Eating Disorder Awareness Week (3 of 5) - DBT in the Treatment of Eating Disorders

Melissa M. Gonzalez, Psy.D.

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Dialectical Behavior Therapy (DBT) is a specialized and empirically-validated form of cognitive behavioral therapy that was developed by Marsha Linehan for the treatment of women with Borderline Personality Disorder (BPD). In it’s original form, DBT involved an intensive outpatient treatment including weekly individual therapy, weekly group skills training, weekly therapist consultation team meetings, and 24-hour access to telephone coaching as needed.


The theory underlying this treatment poses that emotionally vulnerable women, when exposed to an environment they perceive as invalidating, will experience chronic emotional dysregulation or difficulty modulating their emotional reactions. So what is meant by emotionally vulnerable? Essentially, this means an individual who has a heightened sensitivity to emotional stimuli, intense emotional responses, and difficulty returning to an emotional baseline. Consequently, when these women become emotionally dysregulated, they may have difficulty inhibiting mood-dependent behaviors (such as self-injury), organizing themselves to achieve goals independent of mood, regulating physiological arousal, diverting attention away from emotionally volatile stimuli, or simply experiencing any emotion without either avoidance or extreme secondary emotional interference. Since it’s inception, DBT strategies have been applied to the treatment of many mental disorders with similar characteristics. Since eating disorders (EDs) are often characterized by problem behaviors (e.g. restricting, bingeing, purging) that are associated with emotional dysregulation, DBT has been proposed as a treatment option for Anorexia Nervosa (AN), Bulimia Nervosa (BN), and Binge Eating Disorder (BED).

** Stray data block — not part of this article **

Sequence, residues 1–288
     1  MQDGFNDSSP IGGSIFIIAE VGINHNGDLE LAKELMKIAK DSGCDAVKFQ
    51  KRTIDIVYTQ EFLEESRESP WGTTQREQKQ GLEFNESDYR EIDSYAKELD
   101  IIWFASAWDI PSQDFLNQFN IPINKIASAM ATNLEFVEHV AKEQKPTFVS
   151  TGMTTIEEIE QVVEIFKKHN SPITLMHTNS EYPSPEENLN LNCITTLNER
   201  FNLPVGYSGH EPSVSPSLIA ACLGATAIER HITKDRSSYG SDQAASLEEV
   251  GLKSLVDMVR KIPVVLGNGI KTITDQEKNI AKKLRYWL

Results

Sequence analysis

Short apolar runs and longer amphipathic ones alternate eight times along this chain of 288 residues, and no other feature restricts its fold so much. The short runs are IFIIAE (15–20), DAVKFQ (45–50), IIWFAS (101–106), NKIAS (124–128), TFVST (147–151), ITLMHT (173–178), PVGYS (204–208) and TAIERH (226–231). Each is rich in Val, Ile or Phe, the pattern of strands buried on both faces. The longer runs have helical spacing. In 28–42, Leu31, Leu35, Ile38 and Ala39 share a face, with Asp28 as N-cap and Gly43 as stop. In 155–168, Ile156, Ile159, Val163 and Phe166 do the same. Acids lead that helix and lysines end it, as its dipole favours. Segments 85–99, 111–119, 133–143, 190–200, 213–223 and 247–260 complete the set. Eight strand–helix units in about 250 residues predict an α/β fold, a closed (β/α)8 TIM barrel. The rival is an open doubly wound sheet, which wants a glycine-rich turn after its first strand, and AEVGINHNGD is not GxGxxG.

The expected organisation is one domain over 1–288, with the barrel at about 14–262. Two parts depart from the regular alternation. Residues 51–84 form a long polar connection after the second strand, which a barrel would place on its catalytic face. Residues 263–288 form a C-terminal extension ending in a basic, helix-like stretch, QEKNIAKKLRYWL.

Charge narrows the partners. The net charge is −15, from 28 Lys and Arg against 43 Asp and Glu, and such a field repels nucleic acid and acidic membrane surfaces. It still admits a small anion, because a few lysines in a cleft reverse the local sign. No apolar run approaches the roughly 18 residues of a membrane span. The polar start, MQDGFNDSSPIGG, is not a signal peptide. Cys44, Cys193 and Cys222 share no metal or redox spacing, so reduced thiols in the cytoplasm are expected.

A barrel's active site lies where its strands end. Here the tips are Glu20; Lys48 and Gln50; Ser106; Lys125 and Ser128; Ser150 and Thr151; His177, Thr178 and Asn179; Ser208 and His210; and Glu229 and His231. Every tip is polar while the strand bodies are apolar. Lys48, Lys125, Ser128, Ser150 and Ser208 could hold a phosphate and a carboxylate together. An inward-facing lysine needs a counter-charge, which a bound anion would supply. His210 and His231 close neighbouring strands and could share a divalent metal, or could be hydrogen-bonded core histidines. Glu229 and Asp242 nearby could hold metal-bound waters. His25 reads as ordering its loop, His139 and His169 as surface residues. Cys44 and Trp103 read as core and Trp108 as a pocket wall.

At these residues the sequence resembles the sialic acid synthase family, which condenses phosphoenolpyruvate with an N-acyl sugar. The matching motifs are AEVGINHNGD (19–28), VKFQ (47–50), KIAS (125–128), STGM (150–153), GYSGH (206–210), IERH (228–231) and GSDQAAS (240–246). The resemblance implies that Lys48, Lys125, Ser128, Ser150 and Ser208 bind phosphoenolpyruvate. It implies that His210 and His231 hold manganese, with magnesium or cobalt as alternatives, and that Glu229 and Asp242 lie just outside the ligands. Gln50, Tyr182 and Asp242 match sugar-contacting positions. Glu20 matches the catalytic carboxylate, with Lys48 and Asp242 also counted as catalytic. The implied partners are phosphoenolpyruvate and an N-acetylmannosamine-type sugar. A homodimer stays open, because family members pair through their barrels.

A recent journal article published in Eating Disorders: The Journal of Treatment and Prevention (April 2012) described a systematic literature review of studies citing the use of DBT or DBT-based approaches in the treatment of EDs. The findings of this review indicated that the use of treatments based on the DBT model – often modified for the specific treatment of EDs – generally resulted in positive impact on the reduction of ED behaviors, improvement in markers of mood and affect, and greater retention of individuals in treatment. These are important and promising findings as this means that clients are safer, less emotionally volatile, and more likely to continue working toward recovery. Eating Disorders are notoriously difficult to treat as clients are often highly resistant to change and treatment is often initiated by others when the individual is already in serious danger. Furthermore, since mood disorders, substance abuse, self-harming behaviors, and BPD often co-occur with EDs, DBT treatment targets are often well suited to these clients.

At the Tarnow Center for Self-Management, this type of specialized treatment can be incorporated in several ways into a comprehensive treatment approach which can include psychiatry, individual therapy, family therapy, and group therapy provided by an experienced team of clinicians. Ongoing DBT groups provide specific skills for teenage girls and their parents for the development of emotional regulation; and DBT skills can be incorporated into other areas of treatment as well. Please call us if you or someone you know is struggling with disordered eating.


If you suspect that your chld may suffer from an eating disorder or may be developing patterns of disordered eating, express your concerns difectly and privately in a kind, empathic, calm and supportive manner. Be able to ask educated questions. Do not try to force your child to eat. Engaging in a power struggle will not help. Providing advice about dieting or nutrition commenting positively about appearance, or attempting to solve your child's problems is not recommended. Do not agree to keep disordered eating habits a secret. Finally, do not let fear prevent you from confronting your child. EDs have the highest mortality rate of any psychiatric illness. Intervening and seeking help may save your child's life. We here at the Tarnow Center for Self-Management believe in a comprehensive approach to the treatment of eating disorders. This "attack n all fronts" often includes family therapy; and parents become an important part of the treatment process. Additionally, parents are encouraged to seek support, for themselves during this challenging process and that may take the form of support groups including other parents of children with EDs, use of online resources, or even individual therapy.

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